Friday, September 17, 2021

If Only It Would All Fit Together

 I'm late today because I had some day job tasks to do. Then I got distracted. I realized I couldn't remember all the details of a short story that I contributed to an anthology (Monkey Business: Crime Fiction Inspired by the Films of the Marx Brothers, edited by Josh Pachter). I went back to read it, and I was pleasantly surprised that I managed some low-key humor. I'm not known for being funny.

When I was searching my documents for the manuscript of the story, I came across some notes -- notes I'd made over the last two or three years about my historical thriller. I was delighted when I logged on intending to write about something else and saw that yesterday Donis had shared some notes from her writer's journal. 

My notes are on my computer and in the journal I keep on the bookshelf beside my bed and on scraps of papers and the backs of envelope. The notes on the computer are the most complete and I can understand what I intended. For example, these biographical notes about one of my main characters. The book is set in 1939:

Cullen Talbot

1. Where lives?

               A Southerner. Between Atlanta and Savannah on family plantation, mortgaged. Lives alone except for a servant or two. Has three families of white sharecroppers. Wants to bring place back to glory of his grandfather’s days before the Civil War.

2. Family background?

               Grandfather was colonel in Civil War. Lost an arm. Father was a doctor, married daughter of a neighbor. She died of influenza in 1918. Father shot by black man -- intervened in argument between man and his pregnant wife. Had a black nurse, then tutor, then sent to military academy, attended  University of Georgia – majored in agronomy and business.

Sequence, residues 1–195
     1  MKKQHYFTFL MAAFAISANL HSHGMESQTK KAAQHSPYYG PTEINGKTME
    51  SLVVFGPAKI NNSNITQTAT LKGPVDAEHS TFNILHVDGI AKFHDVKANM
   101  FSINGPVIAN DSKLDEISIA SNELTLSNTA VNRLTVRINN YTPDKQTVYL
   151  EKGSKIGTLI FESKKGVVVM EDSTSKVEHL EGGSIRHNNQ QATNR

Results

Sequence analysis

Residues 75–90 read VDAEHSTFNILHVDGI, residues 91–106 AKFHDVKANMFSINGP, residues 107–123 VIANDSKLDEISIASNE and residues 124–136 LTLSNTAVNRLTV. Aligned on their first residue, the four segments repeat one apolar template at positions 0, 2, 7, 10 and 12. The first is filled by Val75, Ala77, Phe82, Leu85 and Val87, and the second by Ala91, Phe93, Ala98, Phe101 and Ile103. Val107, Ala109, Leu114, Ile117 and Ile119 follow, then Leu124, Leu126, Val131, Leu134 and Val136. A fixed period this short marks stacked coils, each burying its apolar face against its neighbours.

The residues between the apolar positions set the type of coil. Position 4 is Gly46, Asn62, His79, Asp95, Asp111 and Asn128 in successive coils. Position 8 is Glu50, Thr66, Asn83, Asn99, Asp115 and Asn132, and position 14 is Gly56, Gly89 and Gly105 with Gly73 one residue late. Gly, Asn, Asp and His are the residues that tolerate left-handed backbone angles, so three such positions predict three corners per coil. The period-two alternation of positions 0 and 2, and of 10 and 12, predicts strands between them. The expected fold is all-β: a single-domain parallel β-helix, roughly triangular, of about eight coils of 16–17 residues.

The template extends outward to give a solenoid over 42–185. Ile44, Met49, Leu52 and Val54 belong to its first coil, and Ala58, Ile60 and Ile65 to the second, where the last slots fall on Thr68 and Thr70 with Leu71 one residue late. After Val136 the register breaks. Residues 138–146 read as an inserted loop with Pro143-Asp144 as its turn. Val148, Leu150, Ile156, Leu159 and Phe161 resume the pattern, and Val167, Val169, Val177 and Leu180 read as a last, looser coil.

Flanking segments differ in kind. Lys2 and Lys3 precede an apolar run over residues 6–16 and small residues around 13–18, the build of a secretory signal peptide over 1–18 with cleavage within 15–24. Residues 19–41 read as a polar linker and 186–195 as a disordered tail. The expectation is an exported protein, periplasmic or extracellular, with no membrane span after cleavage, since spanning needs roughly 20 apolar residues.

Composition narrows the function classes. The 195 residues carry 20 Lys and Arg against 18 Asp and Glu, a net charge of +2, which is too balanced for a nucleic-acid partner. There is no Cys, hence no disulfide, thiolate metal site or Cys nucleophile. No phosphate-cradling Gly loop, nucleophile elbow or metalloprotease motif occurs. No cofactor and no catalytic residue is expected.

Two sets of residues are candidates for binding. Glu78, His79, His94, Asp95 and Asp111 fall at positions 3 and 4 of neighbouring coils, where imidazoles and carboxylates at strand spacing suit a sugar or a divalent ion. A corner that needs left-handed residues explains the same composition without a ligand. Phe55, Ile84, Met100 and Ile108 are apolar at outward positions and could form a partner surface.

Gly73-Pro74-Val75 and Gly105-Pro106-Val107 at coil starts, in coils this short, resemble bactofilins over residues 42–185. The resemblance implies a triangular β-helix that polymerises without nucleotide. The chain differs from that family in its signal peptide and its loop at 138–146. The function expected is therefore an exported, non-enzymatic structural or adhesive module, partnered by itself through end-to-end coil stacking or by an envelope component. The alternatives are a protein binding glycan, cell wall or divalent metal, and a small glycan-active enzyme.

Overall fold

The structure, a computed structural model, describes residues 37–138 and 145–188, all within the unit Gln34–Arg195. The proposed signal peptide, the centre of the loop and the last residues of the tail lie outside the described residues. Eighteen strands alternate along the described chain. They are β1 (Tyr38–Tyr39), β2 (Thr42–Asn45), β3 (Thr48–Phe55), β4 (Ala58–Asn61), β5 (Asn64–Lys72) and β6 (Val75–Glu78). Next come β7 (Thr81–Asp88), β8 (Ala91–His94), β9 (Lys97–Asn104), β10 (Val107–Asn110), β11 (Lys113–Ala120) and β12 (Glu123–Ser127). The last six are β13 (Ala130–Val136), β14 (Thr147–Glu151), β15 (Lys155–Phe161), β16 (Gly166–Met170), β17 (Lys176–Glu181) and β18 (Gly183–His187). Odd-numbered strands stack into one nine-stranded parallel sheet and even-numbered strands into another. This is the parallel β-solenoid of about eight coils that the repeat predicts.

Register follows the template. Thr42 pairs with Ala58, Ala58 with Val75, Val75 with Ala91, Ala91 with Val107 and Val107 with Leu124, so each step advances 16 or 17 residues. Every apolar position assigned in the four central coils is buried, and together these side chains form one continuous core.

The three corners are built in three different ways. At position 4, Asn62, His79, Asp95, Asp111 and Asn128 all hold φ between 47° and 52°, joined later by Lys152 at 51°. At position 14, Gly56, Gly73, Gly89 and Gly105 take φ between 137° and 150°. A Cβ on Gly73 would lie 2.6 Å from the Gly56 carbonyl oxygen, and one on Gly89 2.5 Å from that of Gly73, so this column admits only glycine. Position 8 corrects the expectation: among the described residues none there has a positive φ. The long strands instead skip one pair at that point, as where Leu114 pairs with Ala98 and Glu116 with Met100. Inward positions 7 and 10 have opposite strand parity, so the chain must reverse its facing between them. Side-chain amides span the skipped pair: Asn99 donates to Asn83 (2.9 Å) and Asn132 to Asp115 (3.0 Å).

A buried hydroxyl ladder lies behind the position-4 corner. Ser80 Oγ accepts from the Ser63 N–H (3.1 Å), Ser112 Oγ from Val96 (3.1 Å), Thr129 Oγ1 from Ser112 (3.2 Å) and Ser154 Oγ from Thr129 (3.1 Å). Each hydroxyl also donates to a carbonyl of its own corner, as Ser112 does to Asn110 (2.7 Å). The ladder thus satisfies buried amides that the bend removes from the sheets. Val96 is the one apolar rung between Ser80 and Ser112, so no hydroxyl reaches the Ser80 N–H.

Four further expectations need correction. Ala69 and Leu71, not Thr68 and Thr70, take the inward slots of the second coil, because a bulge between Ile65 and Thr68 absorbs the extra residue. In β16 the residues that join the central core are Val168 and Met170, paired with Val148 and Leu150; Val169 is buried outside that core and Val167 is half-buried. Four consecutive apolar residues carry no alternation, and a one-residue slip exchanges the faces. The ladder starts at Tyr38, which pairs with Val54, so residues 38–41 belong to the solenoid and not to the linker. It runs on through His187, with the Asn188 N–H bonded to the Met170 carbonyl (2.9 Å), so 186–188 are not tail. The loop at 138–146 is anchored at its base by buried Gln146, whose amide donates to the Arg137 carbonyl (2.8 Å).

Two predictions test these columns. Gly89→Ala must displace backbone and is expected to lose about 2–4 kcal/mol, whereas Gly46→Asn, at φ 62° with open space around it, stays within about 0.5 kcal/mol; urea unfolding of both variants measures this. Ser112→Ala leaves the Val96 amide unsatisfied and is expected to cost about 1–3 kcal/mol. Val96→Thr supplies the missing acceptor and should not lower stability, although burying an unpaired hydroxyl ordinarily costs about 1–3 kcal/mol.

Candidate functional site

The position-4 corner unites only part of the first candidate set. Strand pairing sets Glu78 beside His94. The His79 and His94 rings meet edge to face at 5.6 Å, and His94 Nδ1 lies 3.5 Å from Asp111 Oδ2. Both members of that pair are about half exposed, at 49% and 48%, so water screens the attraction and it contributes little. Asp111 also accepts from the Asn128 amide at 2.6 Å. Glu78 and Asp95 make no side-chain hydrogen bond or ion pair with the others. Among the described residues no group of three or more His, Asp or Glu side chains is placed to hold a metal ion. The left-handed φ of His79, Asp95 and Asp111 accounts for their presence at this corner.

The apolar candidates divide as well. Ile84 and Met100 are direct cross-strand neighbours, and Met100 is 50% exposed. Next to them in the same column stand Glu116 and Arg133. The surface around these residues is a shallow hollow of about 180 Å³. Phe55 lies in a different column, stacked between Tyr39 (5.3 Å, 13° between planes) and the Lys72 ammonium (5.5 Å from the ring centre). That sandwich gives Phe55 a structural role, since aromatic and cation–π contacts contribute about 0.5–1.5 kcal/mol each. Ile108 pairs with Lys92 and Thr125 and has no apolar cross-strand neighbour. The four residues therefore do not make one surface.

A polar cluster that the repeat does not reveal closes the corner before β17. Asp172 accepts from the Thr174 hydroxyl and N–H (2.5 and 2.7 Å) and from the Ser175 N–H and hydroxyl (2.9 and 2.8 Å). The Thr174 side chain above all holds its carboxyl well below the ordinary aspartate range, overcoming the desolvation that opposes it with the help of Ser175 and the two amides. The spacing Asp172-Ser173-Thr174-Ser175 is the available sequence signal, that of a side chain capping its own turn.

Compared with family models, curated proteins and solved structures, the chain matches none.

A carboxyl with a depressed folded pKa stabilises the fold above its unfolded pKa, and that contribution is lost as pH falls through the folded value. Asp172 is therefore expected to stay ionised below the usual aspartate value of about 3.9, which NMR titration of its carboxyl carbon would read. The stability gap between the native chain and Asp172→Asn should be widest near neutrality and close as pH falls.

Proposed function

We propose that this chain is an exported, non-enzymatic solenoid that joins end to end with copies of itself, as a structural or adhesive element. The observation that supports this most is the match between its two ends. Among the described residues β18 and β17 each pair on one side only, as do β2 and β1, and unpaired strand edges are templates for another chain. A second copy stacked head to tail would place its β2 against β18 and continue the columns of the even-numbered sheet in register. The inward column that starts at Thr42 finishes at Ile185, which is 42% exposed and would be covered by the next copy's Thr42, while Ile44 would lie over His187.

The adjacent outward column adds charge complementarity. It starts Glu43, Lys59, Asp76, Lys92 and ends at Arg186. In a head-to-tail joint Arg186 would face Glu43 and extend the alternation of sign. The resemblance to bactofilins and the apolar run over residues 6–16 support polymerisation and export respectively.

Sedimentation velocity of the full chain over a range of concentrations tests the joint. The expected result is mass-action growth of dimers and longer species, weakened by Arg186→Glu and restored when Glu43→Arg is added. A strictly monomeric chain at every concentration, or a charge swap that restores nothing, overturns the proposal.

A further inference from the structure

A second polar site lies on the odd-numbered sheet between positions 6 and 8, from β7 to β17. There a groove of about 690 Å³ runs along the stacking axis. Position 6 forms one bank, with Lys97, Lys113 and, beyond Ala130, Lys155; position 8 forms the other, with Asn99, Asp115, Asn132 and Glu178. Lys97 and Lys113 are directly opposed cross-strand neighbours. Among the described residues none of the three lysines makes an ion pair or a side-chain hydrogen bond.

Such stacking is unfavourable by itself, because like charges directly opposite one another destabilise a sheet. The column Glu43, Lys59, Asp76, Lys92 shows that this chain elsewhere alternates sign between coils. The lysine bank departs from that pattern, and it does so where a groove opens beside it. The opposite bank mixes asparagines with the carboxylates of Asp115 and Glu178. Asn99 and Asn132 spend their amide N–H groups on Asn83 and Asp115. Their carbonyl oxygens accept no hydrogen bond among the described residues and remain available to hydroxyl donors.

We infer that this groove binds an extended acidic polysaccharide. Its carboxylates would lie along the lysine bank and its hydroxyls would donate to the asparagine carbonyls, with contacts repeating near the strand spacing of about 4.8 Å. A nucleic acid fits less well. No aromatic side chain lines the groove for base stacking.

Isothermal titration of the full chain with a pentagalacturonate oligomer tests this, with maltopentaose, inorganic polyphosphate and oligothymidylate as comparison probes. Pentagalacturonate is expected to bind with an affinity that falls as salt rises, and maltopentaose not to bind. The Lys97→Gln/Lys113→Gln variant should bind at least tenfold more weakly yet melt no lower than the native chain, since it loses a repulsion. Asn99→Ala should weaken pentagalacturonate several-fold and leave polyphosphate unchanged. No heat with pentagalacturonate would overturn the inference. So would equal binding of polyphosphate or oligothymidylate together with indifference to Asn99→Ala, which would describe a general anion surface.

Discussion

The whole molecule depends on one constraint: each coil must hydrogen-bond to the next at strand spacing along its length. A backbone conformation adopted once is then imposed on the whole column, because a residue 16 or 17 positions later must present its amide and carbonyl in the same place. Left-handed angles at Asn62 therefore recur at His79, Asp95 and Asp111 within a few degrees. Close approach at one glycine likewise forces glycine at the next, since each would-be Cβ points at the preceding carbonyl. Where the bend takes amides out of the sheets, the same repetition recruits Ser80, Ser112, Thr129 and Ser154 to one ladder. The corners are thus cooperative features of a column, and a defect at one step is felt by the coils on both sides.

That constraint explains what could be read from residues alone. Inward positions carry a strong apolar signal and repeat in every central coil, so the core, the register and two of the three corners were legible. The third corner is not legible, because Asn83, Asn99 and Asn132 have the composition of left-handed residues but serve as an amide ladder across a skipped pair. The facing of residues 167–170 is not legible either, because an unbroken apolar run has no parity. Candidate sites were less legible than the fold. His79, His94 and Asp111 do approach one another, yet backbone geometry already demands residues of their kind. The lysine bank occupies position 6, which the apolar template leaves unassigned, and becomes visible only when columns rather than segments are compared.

3. How old is character?

               33 years old – born in June 1906. Twelve when mother died. Just back from college – 1929 – when father killed. The man who shot him was shot by sheriff.

4.  Origin of name?

               Cullen Talbot – British and German on his mother’s side. Her grandfather was a German immigrant.

               Cullen – puppy, young dog (Gaelic)

               Talbot – messenger of destruction (German/French)

5. What look like?

               5’10” – 175 lbs – blond hair, pale blue eyes – scar on chin from fall during teenage fight-- comment of boy about girl he liked – thinks of himself as chivalrous toward women – “gentle gentleman from Georgia”

6. What kind of childhood?

               Parents kind toward each other, considerate not passionate.

7. What does for living?

               Business – farming and mill

               Concerned about prices of crops – dealing with sharecroppers

8.  How deal with conflict?

               Touchy and quick to anger – just as quickly cools down

               Would prefer to use his wits rather than fists – take proactive verbal strike

9. Who else in life?

               Fraternity brothers, senator (mentor) and his daughter, her cousin 


This is all well and good -- except I still don't know if Cullen is an antagonist of Jacob Baldwin, my sleeping car porter protagonist, or a true villain. That's why I have four different versions of his backstory and much more on his motivation. The same is true for the other main characters, who include two women. 

My notes to myself vary -- depending on whether the story is set completely in 1939, or with a prologue in 1968, or with a parallel story set in 2020 during a murder investigation. That 2020 murder investigation would be conducted by the detectives from the two police procedural novels I have set in Albany, New York (alternate history). 

The note about 2020 was scrawled in my beside journal when I woke up in the middle of the night. It's either a brilliant idea and the solution to my problem with the pacing of a thriller that needs to stretch over an entire year -- or, it's a really bad idea.

It would be nice if I could work it all out in an outline - or even in the notes I keep writing to myself. But it seems I'm going to have to write the book and then strip away the 2020 plot if it doesn't do what I'm hoping. At best, it will at least break me out of my log-jam and allow me to keep moving. 

 Like Donis, I wish all the notes I keep writing to myself would come together as a solid plot with all the pieces falling into place. Alas, it isn't that easy.

 Happy weekend, everyone.


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